Tuesday, November 27, 2007

Would You Like a Velcade Glaze on that Turkey?

Yes, we started Thanksgiving day with a trip to the clinic to get the velcade infusion. Now, don't go feeling sorry for me, as I was accompanied by my mother, who wanted to see the set up at the clinic (oh, that infusion room is warm and fuzzy!), and more importantly, we returned home to put the turkey in and a few hours later we filled our plates with another one of Susan's great Thanksgiving Day feasts. Although we had a good group of friends and family, we did miss Julia. She'll be home in about 2 1/2 weeks. My appetite was not affected in the least by the velcade, as evidenced by my 3 pound weight gain (in one day!), which I'm now trying to shed.

My mother and Bob leave this morning. Bob has completed his list of home repairs (a short list this year) and Mom has taken in the "must sees" in Denver, including the new Art Museum, as well as a trip to our nationally known Tattered Cover Bookstore. They both look great and are doing remarkably well given their octogenarian status. Although we had a nice visit, I suspect they are ready to be back home, as living with 'roid boy, is about as easy as walking on thumb tacks or eggshells. Let's see, as Susan describes it, I don't speak for 3 days, and then, after an infusion, you can't shut me up. Does that mean that when I speak, they now listen? Doesn't seem to be the case. Oh well......

And as for those numbers? They continue to go in the right direction. The IGGs are now at 1596, down from 1898, and just in "normal" range, which is 700 to 1600. I know Rifkin would like to see them down a bit more, which hopefully will occur with this next cycle. I think I continue to be on track to go on a maintenance dose, starting 12/17. Maybe it will level out those ups and downs a bit. We can hope.

Time continues to be my friend, as more drugs are being tested every day. My friend, Ted, recently sent me some info on a new drug (carfilzomib), which is similar to velcade and is going into clinical trials right now. It holds much promise, as it works very much like velcade but without the nasty neuropathies, and doesn't seem to develop the resistance that the myeloma sometimes develops to the velcade. Just more evidence of the importance of that fundraising that so many of you support through your Light the Night donations.

We hope all of you had a festive holiday, are back to your preholiday weight, and are ready to cruise into the next series of holiday parties. Thank you again for all your support. We continue to be deeply grateful.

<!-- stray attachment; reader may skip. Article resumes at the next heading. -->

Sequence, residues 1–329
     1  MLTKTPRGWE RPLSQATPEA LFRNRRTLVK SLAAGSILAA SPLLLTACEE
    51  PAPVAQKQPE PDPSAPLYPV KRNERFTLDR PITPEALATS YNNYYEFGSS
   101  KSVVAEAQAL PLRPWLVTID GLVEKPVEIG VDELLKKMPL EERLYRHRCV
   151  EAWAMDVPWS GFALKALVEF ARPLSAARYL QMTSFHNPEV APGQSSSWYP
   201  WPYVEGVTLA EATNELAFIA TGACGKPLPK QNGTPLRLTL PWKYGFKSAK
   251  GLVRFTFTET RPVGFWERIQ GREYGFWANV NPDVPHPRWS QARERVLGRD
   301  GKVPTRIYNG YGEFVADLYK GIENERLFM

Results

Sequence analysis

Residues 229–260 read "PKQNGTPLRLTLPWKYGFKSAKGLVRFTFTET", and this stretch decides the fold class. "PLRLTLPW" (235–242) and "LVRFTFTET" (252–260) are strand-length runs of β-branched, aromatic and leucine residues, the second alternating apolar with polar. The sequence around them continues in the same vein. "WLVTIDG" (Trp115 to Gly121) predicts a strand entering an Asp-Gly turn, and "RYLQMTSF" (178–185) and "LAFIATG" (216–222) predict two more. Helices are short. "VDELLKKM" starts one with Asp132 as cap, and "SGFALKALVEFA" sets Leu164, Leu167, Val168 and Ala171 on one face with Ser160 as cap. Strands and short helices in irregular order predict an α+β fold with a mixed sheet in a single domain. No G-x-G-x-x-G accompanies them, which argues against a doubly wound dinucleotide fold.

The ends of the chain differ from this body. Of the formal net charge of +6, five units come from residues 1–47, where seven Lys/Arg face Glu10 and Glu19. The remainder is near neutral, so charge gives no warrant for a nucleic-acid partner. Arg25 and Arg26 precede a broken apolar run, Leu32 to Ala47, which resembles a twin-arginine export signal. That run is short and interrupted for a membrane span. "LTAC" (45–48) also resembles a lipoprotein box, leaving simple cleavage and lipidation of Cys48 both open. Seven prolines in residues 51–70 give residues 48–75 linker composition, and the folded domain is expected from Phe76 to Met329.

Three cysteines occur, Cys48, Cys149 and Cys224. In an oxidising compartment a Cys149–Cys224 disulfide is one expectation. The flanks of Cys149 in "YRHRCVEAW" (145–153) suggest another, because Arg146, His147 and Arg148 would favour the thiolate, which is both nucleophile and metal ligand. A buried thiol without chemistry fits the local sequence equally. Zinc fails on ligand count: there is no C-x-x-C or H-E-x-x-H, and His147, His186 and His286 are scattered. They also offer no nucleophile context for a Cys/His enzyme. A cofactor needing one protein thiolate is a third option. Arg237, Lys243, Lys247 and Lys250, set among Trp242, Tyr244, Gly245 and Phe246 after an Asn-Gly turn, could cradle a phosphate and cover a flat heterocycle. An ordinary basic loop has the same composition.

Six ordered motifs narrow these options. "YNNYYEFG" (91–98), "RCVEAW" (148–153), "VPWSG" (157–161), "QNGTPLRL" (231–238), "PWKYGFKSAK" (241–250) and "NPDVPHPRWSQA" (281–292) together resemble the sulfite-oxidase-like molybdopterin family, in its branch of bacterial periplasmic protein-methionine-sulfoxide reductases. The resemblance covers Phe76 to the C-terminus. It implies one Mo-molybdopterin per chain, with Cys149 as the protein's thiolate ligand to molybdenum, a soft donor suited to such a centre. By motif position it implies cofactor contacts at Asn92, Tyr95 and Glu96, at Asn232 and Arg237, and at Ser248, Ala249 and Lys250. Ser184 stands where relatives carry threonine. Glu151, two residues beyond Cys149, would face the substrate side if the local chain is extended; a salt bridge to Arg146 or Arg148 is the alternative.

Wednesday, November 07, 2007

A Brief Update

I'm providing this update in response to a number of you who have emailed or directly asked me, "so what did Rifkin say at your last appointment?" So here's the latest. I saw Rifkin on Monday and he is ecstatic at the response. "Better than sliced bread," is how he described it. And he actually brought up the subject of how long I might have to continue with this regime. I will undergo an assessment (just blood work I hope) following one more cycle. He appears to want to rely primarily on the IGG levels to make a decision as to whether to continue with the current regime or to look at reducing the drugs to a maintenance dose. He said they've come up with a maintenance regime (but couldn't recite it for me). I feel very encouraged for at least 2 reasons. First, because this combo is working. Second, because there is some end in sight to the rigors of this chemo. So that's the status. I have next week off, then start the 4th chemo cycle on November 19, just in time for Thanksgiving.

and with that, Happy Thanksgiving to all.

Friday, November 02, 2007

Numbers Continue to Improve

Fortunately, it seems that the rigors of this latest chemo regime are paying off. The "numbers report" from yesterday shows the IGGs at 1880, down another 1000, and getting close to the normal range (700--1600). They've dropped 4000 points in 2 cycles. Even more promising is the movement on some of the other blood work. I don't understand much of this, but there are some other measures that are regularly tracked, and which appear to be improving as well.--some, by my reading, even appear to be in the normal range; a place they haven't been in many months. (anyone out there understand kappa/lambda light chains?) I'll get my questions answered by Rifkin on Monday. Given how hard the chemo is hitting me, Rifkin has scheduled more exams of me during the chemo cycle; I guess he wants to make sure I'm handling it OK. He seems mildly concerned about the level of fatigue and accompanying depression. Susan and I joked on the way home about just what he might be worried about. I guess it's not something to joke about, but I don't think I'm prone to "going postal", as they say. Geez, I don't even own a gun! What I do know is that staying on a course of treatment that is working is most important. So, I guess it's time to draw on the stubborn streak once again, and gut through this course of treatment.

Denver has calmed down after the Rockies trip to the World Series (no comment on the Sox sweep). We had tickets for Monday's game, but alas, the Rockies couldn't hold on to force a 5th game. It was a great run, we had a lot of fun watching, and now we're chanting, "wait 'til next year." I guess it was too much to expect that my childhood favorite, the White Sox, could win in 2005, and then the Rockies in 2007. But for all of us baseball fans, it was great fun.

Not much else going on here otherwise, as it seems I spend way too much time laying around. Julia is having the experience of a lifetime in South Africa; Catherine is studying for her Chartered Financial Analyst exam in early December and Susan is keeping the place going. My Mom and Bob will be visiting for Thanksgiving, so that will be nice.

Take care everyone, and I'll update you in another month.